Health information systems (HIS) are fundamental tools for the surveillance of health services, estimation of disease burden and prioritization of health resources. Several gaps in the availability of HIS for kidney disease were highlighted by the first iteration of the Global Kidney Health Atlas.
As part of its second iteration, the International Society of Nephrology conducted a cross-sectional global survey between July and October 2018 to explore the coverage and scope of HIS for kidney disease, with a focus on kidney replacement therapy (KRT).
Out of a total of 182 invited countries, 154 countries responded to questions on HIS (85% response rate). KRT registries were available in almost all high-income countries, but few low-income countries, while registries for non-dialysis chronic kidney disease (CKD) or acute kidney injury (AKI) were rare. Registries in high-income countries tended to be national, in contrast to registries in low-income countries, which often operated at local or regional levels. Although cause of end-stage kidney disease, modality of KRT and source of kidney transplant donors were frequently reported, few countries collected data on patient-reported outcome measures and only half of low-income countries recorded process-based measures. Almost no countries had programs to detect AKI and practices to identify CKD-targeted individuals with diabetes, hypertension and cardiovascular disease, rather than members of high-risk ethnic groups.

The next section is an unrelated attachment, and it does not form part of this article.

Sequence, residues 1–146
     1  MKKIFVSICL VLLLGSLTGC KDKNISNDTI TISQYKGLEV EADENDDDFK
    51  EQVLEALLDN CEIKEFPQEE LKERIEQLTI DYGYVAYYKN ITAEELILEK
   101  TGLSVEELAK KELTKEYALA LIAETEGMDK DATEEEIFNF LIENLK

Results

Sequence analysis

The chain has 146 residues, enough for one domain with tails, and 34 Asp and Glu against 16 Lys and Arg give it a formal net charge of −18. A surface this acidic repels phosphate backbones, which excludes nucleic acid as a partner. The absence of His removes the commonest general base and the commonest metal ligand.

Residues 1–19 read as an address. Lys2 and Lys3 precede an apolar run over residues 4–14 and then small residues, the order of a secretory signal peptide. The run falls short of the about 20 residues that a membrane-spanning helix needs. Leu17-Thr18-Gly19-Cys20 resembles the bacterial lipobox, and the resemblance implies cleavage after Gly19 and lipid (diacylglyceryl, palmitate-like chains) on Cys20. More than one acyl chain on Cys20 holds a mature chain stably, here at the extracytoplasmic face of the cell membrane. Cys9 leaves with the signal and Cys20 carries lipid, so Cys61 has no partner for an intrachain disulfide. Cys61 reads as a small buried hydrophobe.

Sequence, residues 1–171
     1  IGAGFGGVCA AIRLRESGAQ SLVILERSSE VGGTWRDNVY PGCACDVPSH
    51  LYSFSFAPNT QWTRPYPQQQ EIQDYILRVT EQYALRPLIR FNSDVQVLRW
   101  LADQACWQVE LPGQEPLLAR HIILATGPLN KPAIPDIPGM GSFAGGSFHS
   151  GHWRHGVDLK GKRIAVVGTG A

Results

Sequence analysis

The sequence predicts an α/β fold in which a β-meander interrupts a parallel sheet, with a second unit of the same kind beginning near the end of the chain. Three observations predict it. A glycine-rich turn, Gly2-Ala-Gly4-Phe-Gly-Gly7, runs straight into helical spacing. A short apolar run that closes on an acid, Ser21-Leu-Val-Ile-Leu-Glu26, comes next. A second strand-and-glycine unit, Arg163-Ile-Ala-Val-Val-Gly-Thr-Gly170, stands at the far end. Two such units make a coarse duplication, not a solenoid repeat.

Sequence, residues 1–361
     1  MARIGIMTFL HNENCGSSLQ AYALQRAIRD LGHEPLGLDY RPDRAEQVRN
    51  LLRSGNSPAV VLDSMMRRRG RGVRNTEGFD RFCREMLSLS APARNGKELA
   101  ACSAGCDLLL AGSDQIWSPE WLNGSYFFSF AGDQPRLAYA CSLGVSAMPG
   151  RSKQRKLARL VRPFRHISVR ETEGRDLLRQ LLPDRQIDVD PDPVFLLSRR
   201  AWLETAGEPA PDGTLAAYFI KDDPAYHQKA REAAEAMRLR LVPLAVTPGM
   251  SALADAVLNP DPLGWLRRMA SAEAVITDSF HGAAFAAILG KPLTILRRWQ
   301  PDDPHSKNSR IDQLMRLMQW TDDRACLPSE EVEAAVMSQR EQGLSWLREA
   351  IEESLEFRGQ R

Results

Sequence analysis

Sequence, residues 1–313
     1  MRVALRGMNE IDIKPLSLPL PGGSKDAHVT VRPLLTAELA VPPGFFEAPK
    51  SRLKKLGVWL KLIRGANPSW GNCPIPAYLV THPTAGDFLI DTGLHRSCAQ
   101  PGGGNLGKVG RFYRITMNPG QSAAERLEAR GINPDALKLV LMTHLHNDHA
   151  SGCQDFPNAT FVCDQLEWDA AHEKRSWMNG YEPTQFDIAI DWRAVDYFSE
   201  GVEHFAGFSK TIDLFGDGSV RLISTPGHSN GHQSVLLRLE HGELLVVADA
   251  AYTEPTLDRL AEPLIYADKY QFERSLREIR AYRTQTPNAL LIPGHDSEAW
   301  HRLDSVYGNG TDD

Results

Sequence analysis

These findings confirm significant heterogeneity in the global availability of HIS for kidney disease and highlight important gaps in their coverage and scope, especially in low-income countries and across the domains of AKI, non-dialysis CKD, patient-reported outcomes, process-based measures and quality indicators for KRT service delivery.

© The Author(s) 2020. Published by Oxford University Press on behalf of ERA-EDTA. All rights reserved.